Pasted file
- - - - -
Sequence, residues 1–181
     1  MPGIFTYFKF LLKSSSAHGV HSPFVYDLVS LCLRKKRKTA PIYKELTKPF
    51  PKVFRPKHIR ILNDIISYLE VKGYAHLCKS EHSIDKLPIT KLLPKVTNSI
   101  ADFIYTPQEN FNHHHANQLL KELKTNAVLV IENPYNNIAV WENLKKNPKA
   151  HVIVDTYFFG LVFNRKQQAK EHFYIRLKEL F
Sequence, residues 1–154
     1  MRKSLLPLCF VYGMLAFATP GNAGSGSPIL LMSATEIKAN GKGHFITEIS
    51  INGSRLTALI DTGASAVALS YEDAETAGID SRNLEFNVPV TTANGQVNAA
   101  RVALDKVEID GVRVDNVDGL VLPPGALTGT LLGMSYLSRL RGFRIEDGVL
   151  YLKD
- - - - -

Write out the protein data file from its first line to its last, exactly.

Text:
Sequence, residues 1–181
     1  MPGIFTYFKF LLKSSSAHGV HSPFVYDLVS LCLRKKRKTA PIYKELTKPF
    51  PKVFRPKHIR ILNDIISYLE VKGYAHLCKS EHSIDKLPIT KLLPKVTNSI
   101  ADFIYTPQEN FNHHHANQLL KELKTNAVLV IENPYNNIAV WENLKKNPKA
   151  HVIVDTYFFG LVFNRKQQAK EHFYIRLKEL F
Sequence, residues 1–154
     1  MRKSLLPLCF VYGMLAFATP GNAGSGSPIL LMSATEIKAN GKGHFITEIS
    51  INGSRLTALI DTGASAVALS YEDAETAGID SRNLEFNVPV TTANGQVNAA
   101  RVALDKVEID GVRVDNVDGL VLPPGALTGT LLGMSYLSRL RGFRIEDGVL
   151  YLKD